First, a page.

"The people don't care how things really work, otherwise wouldn't they be more involved? No, all they want is to feel safe and free to pursue their little hedonistic pleasures. Real life, on the other hand, is about conflict and struggle. This way, they get what they want while the rest of us play our part in the expansion of the race."
         "By warmongering..."
         "By doing what is necessary for us to evolve."
         "Spare me the 'greater good' spiel, Guderman. It's just a smokescreen for greed."
         "Not at all. It's long been understood war is the unfortunate imperative, Cage, and that the machine of war must always be on the move. But wait - what am I doing here? I'm talking to a dead man."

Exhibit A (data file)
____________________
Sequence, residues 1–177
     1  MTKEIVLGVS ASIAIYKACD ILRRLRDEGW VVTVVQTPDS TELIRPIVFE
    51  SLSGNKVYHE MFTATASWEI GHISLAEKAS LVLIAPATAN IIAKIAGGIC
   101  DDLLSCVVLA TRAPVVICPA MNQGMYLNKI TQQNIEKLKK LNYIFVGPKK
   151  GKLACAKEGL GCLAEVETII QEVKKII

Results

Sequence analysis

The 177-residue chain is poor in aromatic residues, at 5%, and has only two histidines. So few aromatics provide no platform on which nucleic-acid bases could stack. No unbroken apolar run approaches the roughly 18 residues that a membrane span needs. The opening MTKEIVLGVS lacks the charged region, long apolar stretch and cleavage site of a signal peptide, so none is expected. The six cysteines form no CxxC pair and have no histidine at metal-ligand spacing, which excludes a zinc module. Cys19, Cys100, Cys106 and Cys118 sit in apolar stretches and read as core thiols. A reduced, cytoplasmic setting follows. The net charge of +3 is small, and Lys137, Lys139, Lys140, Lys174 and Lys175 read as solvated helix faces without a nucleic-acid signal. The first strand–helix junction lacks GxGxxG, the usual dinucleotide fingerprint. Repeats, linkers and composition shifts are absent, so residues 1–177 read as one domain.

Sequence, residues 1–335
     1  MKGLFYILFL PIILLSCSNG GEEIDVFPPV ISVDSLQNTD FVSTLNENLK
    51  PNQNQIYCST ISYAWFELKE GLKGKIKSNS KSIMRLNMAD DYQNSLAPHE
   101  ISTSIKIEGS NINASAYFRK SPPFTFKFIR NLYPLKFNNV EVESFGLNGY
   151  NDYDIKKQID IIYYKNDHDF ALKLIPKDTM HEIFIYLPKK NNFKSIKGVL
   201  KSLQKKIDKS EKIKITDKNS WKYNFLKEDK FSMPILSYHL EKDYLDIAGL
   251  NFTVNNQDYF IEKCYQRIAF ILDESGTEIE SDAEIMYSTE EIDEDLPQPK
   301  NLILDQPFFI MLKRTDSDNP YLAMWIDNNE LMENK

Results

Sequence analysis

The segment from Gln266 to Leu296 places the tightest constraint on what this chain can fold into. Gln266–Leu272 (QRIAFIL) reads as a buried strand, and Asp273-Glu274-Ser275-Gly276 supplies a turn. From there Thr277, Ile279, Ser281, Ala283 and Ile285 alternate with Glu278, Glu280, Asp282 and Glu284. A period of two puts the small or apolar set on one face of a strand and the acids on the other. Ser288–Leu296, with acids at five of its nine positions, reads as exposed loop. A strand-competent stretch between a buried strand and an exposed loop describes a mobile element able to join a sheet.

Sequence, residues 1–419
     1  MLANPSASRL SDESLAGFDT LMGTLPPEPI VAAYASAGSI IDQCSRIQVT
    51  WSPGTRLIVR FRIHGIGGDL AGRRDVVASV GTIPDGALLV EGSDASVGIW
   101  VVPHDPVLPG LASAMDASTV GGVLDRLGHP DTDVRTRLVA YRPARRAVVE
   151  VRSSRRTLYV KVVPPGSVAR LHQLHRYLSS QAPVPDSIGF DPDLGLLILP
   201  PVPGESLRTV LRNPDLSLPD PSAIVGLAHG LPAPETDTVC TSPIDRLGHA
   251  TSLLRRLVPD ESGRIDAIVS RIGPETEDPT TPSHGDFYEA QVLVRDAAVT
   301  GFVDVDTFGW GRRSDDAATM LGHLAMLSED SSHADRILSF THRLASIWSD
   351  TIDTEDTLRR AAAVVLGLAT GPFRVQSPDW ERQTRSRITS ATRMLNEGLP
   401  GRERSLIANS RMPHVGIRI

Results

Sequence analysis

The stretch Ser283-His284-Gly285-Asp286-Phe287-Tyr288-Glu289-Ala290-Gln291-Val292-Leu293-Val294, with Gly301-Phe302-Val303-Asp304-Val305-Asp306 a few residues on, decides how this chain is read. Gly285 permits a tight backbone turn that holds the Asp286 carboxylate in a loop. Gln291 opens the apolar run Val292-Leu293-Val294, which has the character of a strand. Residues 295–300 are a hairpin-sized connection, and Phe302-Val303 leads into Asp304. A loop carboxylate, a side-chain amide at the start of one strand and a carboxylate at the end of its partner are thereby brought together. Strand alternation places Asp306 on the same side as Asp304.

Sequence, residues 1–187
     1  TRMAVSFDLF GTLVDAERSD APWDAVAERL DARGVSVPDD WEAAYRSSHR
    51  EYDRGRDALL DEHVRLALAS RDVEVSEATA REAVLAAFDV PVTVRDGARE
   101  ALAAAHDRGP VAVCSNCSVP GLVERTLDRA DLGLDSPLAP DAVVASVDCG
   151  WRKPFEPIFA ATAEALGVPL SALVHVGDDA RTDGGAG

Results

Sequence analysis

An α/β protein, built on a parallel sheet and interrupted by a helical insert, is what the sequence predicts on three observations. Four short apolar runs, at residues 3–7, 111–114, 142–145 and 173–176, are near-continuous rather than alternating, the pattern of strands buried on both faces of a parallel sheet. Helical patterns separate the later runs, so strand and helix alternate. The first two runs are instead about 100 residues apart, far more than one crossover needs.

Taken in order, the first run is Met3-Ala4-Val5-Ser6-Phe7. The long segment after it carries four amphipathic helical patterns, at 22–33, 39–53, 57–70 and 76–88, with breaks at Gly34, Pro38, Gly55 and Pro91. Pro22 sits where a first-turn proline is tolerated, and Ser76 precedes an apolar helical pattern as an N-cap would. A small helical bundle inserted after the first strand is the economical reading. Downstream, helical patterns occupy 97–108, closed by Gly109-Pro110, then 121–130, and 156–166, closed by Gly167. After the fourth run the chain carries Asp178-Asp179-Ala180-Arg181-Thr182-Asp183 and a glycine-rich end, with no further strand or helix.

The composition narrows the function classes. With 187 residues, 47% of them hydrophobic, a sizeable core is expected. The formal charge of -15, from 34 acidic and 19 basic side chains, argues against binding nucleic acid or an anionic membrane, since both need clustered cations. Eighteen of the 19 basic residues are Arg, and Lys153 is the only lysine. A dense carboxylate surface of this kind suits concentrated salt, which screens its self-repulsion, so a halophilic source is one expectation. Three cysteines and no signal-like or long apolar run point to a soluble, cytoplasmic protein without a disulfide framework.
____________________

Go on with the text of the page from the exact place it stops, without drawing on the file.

A chill races down my back. Somehow, I resist the temptation to twist his leg clean off.
         "I'm not dead yet," I say. "I'm taking you back to the ship. We're going to fix this thing."
         I'm not thinking about how we're getting back. I don't know if my legs are strong enough to carry me ten feet never mind the distance back to The Cassandra. All I'm thinking about is making it out of this desert alive and getting home to my Katerina. "I didn't start this war. I'll make them see that, and you - you'll help me. Let's go."
         Guderman laughs again. "You're going nowhere, Cage. You're an Infected traitor." He laughs harder. Before I can cut him off, the laughter catches in his throat as though he's choking on something. It sounds like he's coughing up blood.
         "Come on," I say, "we're running out of time. Get up."